Here’s a chance to make yourself heard regarding wolf and sage grouse management . . .
The Montana Fish & Wildlife Commission is seeking comment though June 23 on some upcoming hunting seasons and additional proposals related to sage grouse and wolves.
For sage grouse, the commission is seeking comment on a proposal that would either maintain the same 30-day season and two-bird daily bag and four bird possession limit as last season; adopt shorter seasons and reduced bag and possession limits; impose region-specific hunting opportunities or closures; or close the sage grouse hunting season statewide.
The sage grouse proposal comes in response to surveys on sage grouse breeding grounds called “leks” that show a continued population decline of the state’s largest native upland game bird. Montana’s 2004 management plan identifies a season closure when lek counts are significantly reduced from historical observations.
The commission also seeks comment on the following wolf-related proposals:
the 2014-15 wolf season, which includes adjustments that would close the hunting and trapping season in Wolf Management Units 313 and 316 within 12 hours of the harvests quotas there being reached. These WMUs border Yellowstone National Park. The proposal also includes reducing the harvest quota in WMU 313 from four to three wolves.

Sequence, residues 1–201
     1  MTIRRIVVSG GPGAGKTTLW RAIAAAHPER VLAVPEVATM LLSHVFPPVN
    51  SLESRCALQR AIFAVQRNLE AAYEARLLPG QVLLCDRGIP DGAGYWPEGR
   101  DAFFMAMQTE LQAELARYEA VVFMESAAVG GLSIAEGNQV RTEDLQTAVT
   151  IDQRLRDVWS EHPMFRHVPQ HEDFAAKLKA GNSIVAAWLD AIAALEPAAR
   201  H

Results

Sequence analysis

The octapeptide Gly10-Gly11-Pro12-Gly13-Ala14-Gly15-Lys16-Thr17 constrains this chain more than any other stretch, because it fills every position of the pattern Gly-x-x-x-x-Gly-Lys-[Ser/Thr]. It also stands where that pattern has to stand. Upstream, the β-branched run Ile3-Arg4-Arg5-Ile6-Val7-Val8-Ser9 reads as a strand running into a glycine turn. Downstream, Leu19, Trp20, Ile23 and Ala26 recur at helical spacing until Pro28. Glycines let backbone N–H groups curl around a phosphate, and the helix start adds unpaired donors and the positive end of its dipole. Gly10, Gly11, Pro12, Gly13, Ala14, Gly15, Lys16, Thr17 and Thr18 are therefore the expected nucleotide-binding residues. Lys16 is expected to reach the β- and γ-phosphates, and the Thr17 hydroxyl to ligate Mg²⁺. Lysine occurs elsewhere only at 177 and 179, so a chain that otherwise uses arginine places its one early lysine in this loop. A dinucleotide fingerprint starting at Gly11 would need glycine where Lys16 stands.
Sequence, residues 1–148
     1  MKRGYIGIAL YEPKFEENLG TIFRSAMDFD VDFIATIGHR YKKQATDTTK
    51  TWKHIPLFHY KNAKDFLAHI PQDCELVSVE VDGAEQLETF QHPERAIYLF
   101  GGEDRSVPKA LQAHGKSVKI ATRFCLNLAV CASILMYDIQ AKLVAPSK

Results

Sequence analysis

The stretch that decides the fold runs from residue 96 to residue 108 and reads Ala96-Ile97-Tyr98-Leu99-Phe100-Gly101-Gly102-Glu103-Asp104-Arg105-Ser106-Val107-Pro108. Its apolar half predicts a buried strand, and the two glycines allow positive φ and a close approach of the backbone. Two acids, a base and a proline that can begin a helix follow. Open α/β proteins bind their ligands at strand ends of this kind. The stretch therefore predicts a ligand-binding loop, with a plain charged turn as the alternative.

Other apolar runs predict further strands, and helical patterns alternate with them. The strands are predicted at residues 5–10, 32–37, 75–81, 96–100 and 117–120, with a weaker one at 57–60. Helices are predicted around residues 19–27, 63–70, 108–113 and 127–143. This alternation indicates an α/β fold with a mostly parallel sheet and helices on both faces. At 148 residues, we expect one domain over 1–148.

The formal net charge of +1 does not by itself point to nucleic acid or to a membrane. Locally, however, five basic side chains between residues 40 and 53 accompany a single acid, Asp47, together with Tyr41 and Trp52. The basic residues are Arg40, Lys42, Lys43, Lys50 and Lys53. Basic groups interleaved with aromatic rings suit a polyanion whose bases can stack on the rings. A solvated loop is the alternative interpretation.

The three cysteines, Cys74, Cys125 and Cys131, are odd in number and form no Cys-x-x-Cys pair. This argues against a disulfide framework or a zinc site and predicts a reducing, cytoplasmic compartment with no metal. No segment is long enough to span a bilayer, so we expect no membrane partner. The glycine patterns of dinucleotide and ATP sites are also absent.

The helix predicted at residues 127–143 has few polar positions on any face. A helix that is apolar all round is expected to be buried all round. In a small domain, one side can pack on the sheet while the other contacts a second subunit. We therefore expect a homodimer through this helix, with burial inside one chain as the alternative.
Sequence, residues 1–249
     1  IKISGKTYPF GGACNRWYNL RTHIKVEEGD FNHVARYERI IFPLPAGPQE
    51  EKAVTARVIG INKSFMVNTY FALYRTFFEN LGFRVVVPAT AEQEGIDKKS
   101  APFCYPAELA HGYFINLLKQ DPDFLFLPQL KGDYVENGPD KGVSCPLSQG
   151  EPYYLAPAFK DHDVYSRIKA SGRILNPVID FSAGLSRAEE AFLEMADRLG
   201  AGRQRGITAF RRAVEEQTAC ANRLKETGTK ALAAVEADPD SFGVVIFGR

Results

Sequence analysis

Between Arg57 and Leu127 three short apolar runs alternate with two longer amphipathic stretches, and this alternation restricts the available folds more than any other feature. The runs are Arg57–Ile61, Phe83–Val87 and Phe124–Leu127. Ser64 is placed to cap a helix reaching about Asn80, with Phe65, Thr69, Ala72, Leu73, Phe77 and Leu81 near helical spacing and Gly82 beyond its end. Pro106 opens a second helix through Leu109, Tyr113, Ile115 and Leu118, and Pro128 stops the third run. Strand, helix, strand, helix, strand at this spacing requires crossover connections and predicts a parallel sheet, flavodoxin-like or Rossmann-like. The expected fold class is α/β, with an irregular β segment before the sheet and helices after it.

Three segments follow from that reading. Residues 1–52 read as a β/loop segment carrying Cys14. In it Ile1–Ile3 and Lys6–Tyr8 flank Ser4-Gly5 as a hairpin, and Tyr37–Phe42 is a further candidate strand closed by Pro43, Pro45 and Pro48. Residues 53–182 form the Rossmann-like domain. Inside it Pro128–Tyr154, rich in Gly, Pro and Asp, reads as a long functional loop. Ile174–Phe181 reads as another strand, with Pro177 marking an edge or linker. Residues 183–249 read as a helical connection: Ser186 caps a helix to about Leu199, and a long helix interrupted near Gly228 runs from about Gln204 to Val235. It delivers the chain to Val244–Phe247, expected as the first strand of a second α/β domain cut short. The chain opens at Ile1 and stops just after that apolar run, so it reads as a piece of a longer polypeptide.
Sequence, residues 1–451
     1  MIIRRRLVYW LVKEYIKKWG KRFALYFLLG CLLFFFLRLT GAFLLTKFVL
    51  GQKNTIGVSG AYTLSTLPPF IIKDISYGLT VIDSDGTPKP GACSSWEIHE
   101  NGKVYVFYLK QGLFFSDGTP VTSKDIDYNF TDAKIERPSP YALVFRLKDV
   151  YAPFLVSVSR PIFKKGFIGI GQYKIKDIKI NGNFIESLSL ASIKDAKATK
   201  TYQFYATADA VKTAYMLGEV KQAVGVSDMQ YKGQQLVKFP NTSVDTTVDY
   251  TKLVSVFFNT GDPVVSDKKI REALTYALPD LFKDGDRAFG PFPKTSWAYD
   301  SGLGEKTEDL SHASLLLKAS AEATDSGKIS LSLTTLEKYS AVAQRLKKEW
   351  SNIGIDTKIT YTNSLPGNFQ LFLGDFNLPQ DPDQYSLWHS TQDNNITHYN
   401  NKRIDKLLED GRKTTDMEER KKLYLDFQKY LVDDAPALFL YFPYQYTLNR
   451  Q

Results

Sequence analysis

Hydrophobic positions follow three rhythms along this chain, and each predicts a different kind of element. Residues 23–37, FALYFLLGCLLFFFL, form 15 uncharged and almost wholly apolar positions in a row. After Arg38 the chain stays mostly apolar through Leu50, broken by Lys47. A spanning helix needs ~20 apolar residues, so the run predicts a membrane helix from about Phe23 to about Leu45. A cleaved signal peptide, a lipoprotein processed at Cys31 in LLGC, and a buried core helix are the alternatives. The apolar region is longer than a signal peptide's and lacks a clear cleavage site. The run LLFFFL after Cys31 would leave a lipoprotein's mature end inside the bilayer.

to offer the opportunity to trap wolves via a drawing on three western Montana wildlife management areas, including the Blackfoot-Clearwater, Fish Creek and Mount Haggin WMAs.
a statewide annual quota of 100 wolves taken under a new state law that provides for landowners to take wolves without a license that are a potential threat to human safety, livestock or pets.
With the sage grouse population in decline, Montana will stop hunting them . . .
With preliminary results from Montana’s spring surveys showing a continued population decline of the state’s largest native upland game bird, wildlife officials will seek to close sage grouse hunting for the 2014 season.
Montana Fish, Wildlife & Parks will propose the season closure at the Fish & Wildlife Commission meeting in Fort Peck, Thursday, May 22.
Jeff Hagener, FWP director in Helena, said state biologists counted an average of 14.9 males per sage grouse strutting ground, or lek, last year and noted that preliminary indications show little or no improvement this year. Last year’s count was the lowest recorded since 1980…
Grizzly bears have recovered in some areas to the point where some very limited hunting may be permitted in a couple of years . . .
With bear-human conflicts on the rise, wildlife managers in the Northern Rockies are laying the groundwork for trophy hunts for grizzlies in anticipation of the government lifting their threatened species status.
It’s expected to be 2014 before about 600 bears around Yellowstone National Park lose their federal protections, and possibly longer for about 1,000 bears in the region centered on Glacier National Park.
Yet already government officials say those populations have recovered to the point that limited hunting for small numbers of bears could occur after protections are lifted…